Through lots of Pinterest research, I found the weight of a blanket should be anywhere from 10-15% of your child's body weight.  I spoke to a physical therapist friend about how much weight I should put in and she suggested 10% of my daughter’s weight and because she is small she said to add an extra pound. So, this made the weight that needed was 3.3 pounds.

3. Sew both sides of your blanket
Make sure you sew your blanket with fabric prints together. You will be turning this inside out after you sew these two sides.

4. Turn your fabric right side out and sew down your blanket every 5" or whatever size you have decided your squares will be

I suggest not sewing all the way to the end of each row as you will be folding over the fabric once completed to finalize your blanket.  Use your disappearing fabric marker or pencil to draw the lines down your blanket.  You can find the pen I used by clicking above on the tools you need section!

 5. Find the middle of your blanket and sew down the middle

I choose to sew down the middle so that I could easily reach my hand inside so I could push the beads and stuffing into place.


6. Figure out how much weight you will be putting into each square. You now need to divide it by the total number of square

I converted mine to oz as my scale didn't go as low for pounds as I needed it. I used a food scale to do my measuring and converted using Google!!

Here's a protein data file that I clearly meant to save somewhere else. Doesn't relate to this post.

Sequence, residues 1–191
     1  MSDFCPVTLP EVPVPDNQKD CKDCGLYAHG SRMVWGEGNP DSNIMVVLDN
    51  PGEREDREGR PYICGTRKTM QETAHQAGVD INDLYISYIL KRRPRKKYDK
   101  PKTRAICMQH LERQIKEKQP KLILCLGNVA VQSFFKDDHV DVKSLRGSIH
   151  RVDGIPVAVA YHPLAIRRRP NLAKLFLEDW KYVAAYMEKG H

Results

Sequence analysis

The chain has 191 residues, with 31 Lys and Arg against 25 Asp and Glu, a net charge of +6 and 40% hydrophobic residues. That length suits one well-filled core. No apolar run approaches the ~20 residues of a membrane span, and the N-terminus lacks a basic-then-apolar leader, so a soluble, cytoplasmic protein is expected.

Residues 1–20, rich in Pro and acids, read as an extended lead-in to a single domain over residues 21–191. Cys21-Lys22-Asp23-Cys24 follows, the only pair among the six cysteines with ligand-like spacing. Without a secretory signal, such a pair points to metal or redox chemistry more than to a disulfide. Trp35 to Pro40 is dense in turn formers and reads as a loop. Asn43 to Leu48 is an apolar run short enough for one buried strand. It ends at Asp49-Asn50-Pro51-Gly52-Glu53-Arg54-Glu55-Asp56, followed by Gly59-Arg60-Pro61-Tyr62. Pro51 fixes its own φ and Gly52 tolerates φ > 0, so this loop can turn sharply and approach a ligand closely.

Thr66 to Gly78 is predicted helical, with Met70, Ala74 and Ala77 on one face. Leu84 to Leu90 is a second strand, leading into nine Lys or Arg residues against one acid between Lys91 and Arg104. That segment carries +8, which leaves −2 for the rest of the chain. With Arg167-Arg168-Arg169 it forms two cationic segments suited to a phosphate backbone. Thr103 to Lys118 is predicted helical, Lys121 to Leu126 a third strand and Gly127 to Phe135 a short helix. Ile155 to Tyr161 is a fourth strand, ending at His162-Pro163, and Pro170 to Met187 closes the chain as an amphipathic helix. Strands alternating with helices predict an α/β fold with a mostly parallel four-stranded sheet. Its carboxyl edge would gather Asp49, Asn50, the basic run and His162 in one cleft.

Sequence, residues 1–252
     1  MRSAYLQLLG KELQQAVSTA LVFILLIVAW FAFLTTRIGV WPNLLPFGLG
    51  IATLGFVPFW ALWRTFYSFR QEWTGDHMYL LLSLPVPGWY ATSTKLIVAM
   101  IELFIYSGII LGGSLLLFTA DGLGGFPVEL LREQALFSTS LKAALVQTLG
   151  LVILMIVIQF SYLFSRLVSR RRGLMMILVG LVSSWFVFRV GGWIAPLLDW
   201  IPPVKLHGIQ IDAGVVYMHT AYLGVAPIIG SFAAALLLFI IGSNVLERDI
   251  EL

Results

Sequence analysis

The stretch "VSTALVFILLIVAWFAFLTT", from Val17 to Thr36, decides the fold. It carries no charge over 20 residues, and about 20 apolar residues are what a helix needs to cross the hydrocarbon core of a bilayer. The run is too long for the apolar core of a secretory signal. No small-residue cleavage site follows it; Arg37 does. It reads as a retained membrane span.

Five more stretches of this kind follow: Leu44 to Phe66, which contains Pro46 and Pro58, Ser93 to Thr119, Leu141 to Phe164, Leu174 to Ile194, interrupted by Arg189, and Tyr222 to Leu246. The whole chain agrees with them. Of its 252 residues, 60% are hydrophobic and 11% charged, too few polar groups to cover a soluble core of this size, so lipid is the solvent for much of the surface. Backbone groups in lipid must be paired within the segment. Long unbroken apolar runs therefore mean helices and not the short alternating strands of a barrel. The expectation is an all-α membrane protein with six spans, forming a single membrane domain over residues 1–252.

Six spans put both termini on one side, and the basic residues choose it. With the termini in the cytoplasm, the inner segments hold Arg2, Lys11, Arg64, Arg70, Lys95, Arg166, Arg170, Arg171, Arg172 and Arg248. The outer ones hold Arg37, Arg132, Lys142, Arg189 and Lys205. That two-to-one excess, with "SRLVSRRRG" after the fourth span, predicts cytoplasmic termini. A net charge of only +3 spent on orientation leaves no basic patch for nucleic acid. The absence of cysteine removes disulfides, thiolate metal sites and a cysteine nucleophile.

I per-measured at least five square totals out and placed them into plastic baggies so the process would go quicker once I got started!

7. Now onto stuffing each square with stuffing and Poly-Fill beads

Once you have done the following steps it is time to start stuffing! For each of your five (or more) rows, place the Poly Fill Beads in and then a small amount of stuffing, making sure to push everything all the way down to the bottom of that row. (Which is why I sewed mine in half) I did this for all five of my rows and sewed across all at the same time!  TIP: Use your marker and go ahead and mark out all the lines where you are going to sew! This speeds things up greatly! My pen had two sides, one which disappears by air and one with water. USE THE ONE THAT DISAPPEARS WITH WATER SO YOU DON'T HAVE TO RUSH as my air side disappeared rather quickly! If you use the water side you are able to draw lines for your whole quilt now, which is helpful instead of measuring it out while it was stuffed!

Measuring lines for the whole quilt

I used about this much stuffing for each square.

Once you have stuffed your rows go to your sewing machine and sew all the way across.

8. Continue step 6 till your whole blanket is stuffed! 

  9. Fold the ends of your blanket and sew together 

10. ENJOY!